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Tackling Vascular Malformations

Gregory M. Levitin, MD

Managing Vascular Malformations: Laser and Surgical Therapy
10:00 am, Today
Room 394

Eighteen years ago, one of the twin daughters of Gregory M. Levitin, MD, was born with a vascular birthmark that required her to undergo three surgeries.

“That experience has greatly influenced my own practice and how I treat my patients, and is a big part of why I continue to work as hard as I do to provide the best and most effective treatment for my patients,” said Dr. Levitin, with the Icahn School of Medicine at Mount Sinai and also lead presenter for today’s Expert Series.

Vascular malformations consist of port-wine stains, venous malformations, lymphatic malformations, and arterio-venous malformations.

“The main reason this is so important to the otolaryngologist is that 80 percent of these occur within the head and neck area, highlighting the important role for the otolaryngologist in diagnosing, managing, and/or coordinating the treatment for these conditions,”
Dr. Levitin said.

As for improved treatment options for vascular malformations, he said, “Technology is winning. We have developed better lasers, better science, and safer procedures to begin to tailor and individualize our treatment for vascular malformations.”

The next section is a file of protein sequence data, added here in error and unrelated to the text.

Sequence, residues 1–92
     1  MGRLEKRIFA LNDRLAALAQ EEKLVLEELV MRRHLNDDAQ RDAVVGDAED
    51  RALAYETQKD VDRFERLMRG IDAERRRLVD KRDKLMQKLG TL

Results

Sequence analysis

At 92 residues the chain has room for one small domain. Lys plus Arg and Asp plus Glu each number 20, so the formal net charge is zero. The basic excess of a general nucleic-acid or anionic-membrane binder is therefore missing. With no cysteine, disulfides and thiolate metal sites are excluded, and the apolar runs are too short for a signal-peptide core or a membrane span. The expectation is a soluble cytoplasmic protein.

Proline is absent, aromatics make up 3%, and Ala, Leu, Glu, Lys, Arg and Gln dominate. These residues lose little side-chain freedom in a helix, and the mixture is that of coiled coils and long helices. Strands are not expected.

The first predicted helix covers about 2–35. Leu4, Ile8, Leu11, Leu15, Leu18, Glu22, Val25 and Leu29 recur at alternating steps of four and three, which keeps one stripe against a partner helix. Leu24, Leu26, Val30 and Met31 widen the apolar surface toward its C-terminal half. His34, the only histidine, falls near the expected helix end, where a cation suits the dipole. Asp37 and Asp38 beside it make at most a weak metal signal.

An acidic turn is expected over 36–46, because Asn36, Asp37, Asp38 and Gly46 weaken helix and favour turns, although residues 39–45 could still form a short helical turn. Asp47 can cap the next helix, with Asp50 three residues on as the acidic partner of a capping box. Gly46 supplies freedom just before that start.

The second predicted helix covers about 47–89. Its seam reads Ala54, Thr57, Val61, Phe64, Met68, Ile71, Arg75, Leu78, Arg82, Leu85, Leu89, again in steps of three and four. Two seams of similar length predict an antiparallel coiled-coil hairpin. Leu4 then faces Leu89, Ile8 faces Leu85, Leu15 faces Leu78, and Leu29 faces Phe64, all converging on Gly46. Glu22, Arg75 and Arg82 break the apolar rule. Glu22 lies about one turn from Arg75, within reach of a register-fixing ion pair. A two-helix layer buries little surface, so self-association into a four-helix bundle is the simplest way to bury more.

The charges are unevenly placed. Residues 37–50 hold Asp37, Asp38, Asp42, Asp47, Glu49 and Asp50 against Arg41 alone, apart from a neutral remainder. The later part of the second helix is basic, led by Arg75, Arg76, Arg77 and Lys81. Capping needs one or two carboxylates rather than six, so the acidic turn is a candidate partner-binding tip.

In the past, vascular malformations were often managed by interventional radiologists, and patients would undergo several—if not dozens—of invasive sclerotherapy/embolization procedures that many times didn’t adequately treat these conditions.

“Now, as a birthmark specialist, I can offer each patient a wide range of treatment options, often combining the best and appropriate use of medical, laser, and surgical therapy to achieve results better than ever before,” he said.

Dr. Levitin said he has been surprised by the significant progress that has been made thanks to better understanding the cause and genetic traits for each of these conditions.

“Until just 20 years ago, we didn’t have a system of classification or diagnosis; often every vascular birthmark was called a ‘hemangioma,’” he said. “Now, we have a full understanding of the biologic nature and behavior of each type of malformation. From this understanding, we can ensure a proper diagnosis and determine the most appropriate treatment options for each patient.”

Vascular anomalies are not common, but are commonly misdiagnosed, Dr. Levitin said. The treatment of each of these conditions depends on the area involved and the degree of disturbance or disfigurement.

“Nearly half of my patients who present with vascular malformations have been misdiagnosed and/or mismanaged, often having undergone unnecessary treatment,” he said. “By developing a better understanding of vascular malformations, the general otolaryngologist can take this information and be able to make the correct diagnosis, which in turn ensures better safety and patient care.”